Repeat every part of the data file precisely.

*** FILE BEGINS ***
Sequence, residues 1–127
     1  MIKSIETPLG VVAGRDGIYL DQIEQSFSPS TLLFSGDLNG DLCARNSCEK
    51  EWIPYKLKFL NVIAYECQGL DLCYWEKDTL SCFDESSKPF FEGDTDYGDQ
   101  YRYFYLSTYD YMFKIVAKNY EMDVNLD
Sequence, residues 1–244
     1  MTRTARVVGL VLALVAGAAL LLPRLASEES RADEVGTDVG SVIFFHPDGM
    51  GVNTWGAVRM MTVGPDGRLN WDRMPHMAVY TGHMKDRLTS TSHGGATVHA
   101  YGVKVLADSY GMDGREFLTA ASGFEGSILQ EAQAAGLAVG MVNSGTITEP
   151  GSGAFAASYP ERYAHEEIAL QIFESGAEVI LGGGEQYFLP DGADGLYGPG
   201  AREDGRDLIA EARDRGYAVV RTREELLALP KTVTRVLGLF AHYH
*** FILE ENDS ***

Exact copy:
Sequence, residues 1–127
     1  MIKSIETPLG VVAGRDGIYL DQIEQSFSPS TLLFSGDLNG DLCARNSCEK
    51  EWIPYKLKFL NVIAYECQGL DLCYWEKDTL SCFDESSKPF FEGDTDYGDQ
   101  YRYFYLSTYD YMFKIVAKNY EMDVNLD
Sequence, residues 1–244
     1  MTRTARVVGL VLALVAGAAL LLPRLASEES RADEVGTDVG SVIFFHPDGM
    51  GVNTWGAVRM MTVGPDGRLN WDRMPHMAVY TGHMKDRLTS TSHGGATVHA
   101  YGVKVLADSY GMDGREFLTA ASGFEGSILQ EAQAAGLAVG MVNSGTITEP
   151  GSGAFAASYP ERYAHEEIAL QIFESGAEVI LGGGEQYFLP DGADGLYGPG
   201  AREDGRDLIA EARDRGYAVV RTREELLALP KTVTRVLGLF AHYH